Doppler radar images of the F-5 tornado that swept away part of Moore, Oklahoma in the Oklahoma City area outbreak of May 3, 1999. The white line running north-south just east of Moore (to your right) is Interstate 35; the tornado is about to cross the intersection of I-35 and a smaller road at the Shields Overpass. The picture on the left is a reflectivity image. The one on the right is a velocity display. Both images are produced by Doppler radar.
The reflectivity image shows how hard the radio signal sent out is bounced back to the radar receiver. Rain and hail reflect this pulse more strongly than does “plain” air, so they make stronger echoes; the larger the droplet or hailstone, the more strongly the radar is echoed back to the receiver. Here, the white square is the region of highest reflectivity, and the orange on down through blue ones show progressively lower levels, and therefore less intense precipitation. In this particular case, the white areas probably show radar detection of actual debris within the tornado.
On the velocity display, the blocks of green color show areas where the wind is moving toward the radar equipment. The blocks of red show areas where the wind is moving away from the equipment. Notice that just north of Moore, there is an area where red and green touch each other directly, at the bottom of a long red “hook” that almost looks like a curved finger. The wind is spinning around a central vortex in this region where the red and green are in contact, rushing quickly away from the radar in the red places and toward it in the green ones. That is the velocity-display “signature” of a tornado, as it indicates the presence of rapidly rotating winds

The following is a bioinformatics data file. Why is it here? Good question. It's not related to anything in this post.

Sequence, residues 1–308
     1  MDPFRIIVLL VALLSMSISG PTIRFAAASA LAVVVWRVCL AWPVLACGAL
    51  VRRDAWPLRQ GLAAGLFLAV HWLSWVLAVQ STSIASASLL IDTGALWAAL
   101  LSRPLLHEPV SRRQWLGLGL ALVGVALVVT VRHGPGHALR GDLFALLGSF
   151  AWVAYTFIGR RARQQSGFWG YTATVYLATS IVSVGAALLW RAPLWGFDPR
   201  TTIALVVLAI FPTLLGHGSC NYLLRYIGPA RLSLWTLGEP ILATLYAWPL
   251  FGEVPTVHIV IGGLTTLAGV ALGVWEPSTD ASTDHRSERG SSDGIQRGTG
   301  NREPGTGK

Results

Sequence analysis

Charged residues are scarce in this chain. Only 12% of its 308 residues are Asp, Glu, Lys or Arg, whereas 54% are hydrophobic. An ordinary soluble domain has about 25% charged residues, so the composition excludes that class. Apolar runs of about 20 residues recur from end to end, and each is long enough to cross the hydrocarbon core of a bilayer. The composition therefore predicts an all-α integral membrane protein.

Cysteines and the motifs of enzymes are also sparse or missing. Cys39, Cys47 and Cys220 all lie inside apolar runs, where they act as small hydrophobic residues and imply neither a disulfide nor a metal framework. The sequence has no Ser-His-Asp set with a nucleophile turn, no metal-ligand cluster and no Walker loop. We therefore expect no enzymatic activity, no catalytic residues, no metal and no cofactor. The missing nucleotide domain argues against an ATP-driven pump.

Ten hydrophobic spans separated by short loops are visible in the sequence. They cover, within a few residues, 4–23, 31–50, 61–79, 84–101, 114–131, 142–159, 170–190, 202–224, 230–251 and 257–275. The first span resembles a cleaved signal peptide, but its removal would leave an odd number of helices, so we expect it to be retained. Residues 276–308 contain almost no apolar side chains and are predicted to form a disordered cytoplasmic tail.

You can learn more about Doppler radar, newer kinds of radar, and how they are used to find tornadoes at these sites:
Weather radar information at NSSL
Radar Meteorology: Online Remote Sensing Guide WW2010, University of Illinois
WW2010 University of Illinois page
Return to Intellectual Ways of Learning and Knowing About Tornadoes.